Yesterday I received Otto L. Bettmann’s book The Good Old Days—They Were Terrible (1974). When I wrote and produced the first volume of my three-book series God and Government, some of the images I used came from the famous Bettmann Archive collection of photographs and prints. Bettmann’s book is a collection of some of the archive’s images with commentary about how there was a lot of bad stuff going on in our nation post-civil war.

Those who claim they want to return to these supposedly long-lost halcyon days don’t have a sense of history. We blot out the negative and dwell on the positive. It helps to keep us sane. The following email I received some years ago is typical of selective remembering:

You know it doesn’t take a rocket scientist to know this world is in terrible, terrible shape. The people have become wicked in my 62 years, going from my childhood when you could leave your doors open day and night and not worry about anyone coming in that didn’t belong in that house. When children could walk to the corner grocery store and buy a Coke for 5 cents. Teenage girls could walk home from school or a girl friend’s house after dark and not have to worry about being forced by some pervert into a car or behind a building to be raped and killed. When we as kids could play dolls, jump the rope, hopscotch, the boys playing with cars or marbles and we dreamed to big things when we grew up. Yes, those were the good old days. And you know something, we could still reach the American Dream and help our neighbors as we reached it. Mr. DeMar, I don’t know how old you are. I do know you have showed how stupid you are, and that you are teaching false doctrine from the Bible or maybe you’re teaching false doctrine from a false Bible. Either way, Jesus is coming very soon. I’m not going to quote any Scriptures. There are too many to prove you wrong. Satan has you bound and your eyes blinded. I pray God will send the Holy Spirit to you to reveal that you have been deceived, that your eyes will be opened wide so you will know without a doubt that we’re in the very last days before our Jesus returns.

The writer of Ecclesiastes puts the past in perspective when he writes: “Do not say, ‘Why is it that former days were better than these?’ For it is not from wisdom that you ask about this” (Eccles. 7:10). Matthew Henry’s (1622–1714) comments on this passage are helpful: “The supposition is a foolish reflection upon the providence of God in this world…. One is so much a stranger to the times past, and such an incompetent judge even of the present times, that he cannot expect a satisfactory answer to the enquiry and therefore he ‘does not enquire wisely.’”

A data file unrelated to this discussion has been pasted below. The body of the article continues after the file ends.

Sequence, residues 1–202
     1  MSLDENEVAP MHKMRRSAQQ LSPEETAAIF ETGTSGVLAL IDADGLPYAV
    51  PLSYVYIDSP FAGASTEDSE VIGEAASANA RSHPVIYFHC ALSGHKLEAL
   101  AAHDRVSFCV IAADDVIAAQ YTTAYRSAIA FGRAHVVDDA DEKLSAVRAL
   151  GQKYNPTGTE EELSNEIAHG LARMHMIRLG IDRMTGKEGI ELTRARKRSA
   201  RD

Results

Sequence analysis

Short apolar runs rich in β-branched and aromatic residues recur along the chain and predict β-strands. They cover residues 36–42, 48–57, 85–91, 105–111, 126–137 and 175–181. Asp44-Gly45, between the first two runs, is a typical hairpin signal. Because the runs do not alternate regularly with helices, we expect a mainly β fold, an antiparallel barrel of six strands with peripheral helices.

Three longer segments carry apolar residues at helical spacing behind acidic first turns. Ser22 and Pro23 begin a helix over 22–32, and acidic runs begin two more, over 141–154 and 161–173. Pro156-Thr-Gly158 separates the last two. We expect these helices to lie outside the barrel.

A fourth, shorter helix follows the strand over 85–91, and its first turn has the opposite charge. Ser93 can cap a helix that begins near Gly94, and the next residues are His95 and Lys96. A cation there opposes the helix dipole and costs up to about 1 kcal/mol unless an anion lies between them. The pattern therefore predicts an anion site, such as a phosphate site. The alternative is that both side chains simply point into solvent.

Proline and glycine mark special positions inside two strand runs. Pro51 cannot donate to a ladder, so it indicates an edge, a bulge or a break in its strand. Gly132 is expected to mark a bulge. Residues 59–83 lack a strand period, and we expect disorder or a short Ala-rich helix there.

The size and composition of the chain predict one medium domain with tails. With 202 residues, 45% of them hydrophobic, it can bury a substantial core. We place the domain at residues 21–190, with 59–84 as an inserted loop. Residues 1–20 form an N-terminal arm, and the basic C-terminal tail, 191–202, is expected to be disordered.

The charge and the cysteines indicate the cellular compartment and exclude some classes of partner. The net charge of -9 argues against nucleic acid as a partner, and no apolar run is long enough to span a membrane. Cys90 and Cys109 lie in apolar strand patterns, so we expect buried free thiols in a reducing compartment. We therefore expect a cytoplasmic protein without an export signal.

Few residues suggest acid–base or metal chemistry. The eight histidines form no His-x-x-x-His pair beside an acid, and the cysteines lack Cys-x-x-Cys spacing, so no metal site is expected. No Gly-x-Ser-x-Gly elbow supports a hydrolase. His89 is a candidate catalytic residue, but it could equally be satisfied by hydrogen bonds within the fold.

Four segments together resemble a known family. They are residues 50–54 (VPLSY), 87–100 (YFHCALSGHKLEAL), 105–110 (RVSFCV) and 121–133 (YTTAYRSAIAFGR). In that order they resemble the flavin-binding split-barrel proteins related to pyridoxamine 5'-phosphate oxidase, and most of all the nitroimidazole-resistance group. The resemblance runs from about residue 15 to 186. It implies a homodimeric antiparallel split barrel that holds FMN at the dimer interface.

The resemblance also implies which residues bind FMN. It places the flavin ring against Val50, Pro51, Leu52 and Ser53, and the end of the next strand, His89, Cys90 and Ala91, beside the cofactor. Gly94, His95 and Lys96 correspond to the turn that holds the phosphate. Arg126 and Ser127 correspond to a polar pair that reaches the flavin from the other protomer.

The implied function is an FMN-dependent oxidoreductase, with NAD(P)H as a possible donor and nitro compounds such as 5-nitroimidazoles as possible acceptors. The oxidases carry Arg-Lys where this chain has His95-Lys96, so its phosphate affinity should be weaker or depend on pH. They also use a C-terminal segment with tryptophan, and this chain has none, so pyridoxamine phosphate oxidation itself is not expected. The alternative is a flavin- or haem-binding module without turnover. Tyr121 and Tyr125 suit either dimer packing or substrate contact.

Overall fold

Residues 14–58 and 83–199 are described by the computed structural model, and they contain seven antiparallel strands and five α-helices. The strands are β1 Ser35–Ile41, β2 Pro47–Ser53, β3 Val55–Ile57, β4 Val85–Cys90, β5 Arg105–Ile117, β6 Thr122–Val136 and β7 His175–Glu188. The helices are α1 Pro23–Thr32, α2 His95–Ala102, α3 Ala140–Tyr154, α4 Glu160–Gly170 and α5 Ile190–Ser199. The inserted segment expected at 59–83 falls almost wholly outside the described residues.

Authors Carl Olof Jonsson and Wolfgang Herbst write, “Perhaps because we are to such an extent ‘strangers to the past,’ we easily read into the events of circumstances of our own day a distinctiveness and uniqueness that may not actually be there.” ((Carl Olof Jonsson and Wolfgang Herbst, The “Sign” of the Last Days—When? (Atlanta: Commentary Press, 1987), x.)) Our memory of the past is selective. We tend to block out the bad and remember only the good. Television shows like Leave It to Beaver and Father Knows Best are not the best ways to view the past:

The 1950s may not be as innocent—or Christian—as people of faith recall. [Gary] Ross believes. “Each era has its own false nostalgia. We all put a picket fence around something. For my generation it was the fifties, and for other generations it will be something else.” Certainly, those of us born after the fifties cannot imagine returning to a place and time we never visited except through reruns. Perhaps conservatives and Christians are calling America to return to a place that only existed in the movies, on television, in Hollywood’s version of history. ((Craig Detweiler, “Opportunity Lost,” Behind the Screen: Hollywood Insiders on Faith, Film, and Culture, eds. Spencer Lewerenz and Barbara Nicolosi (Grand Rapids, MI: Baker Books, 2005), 38.))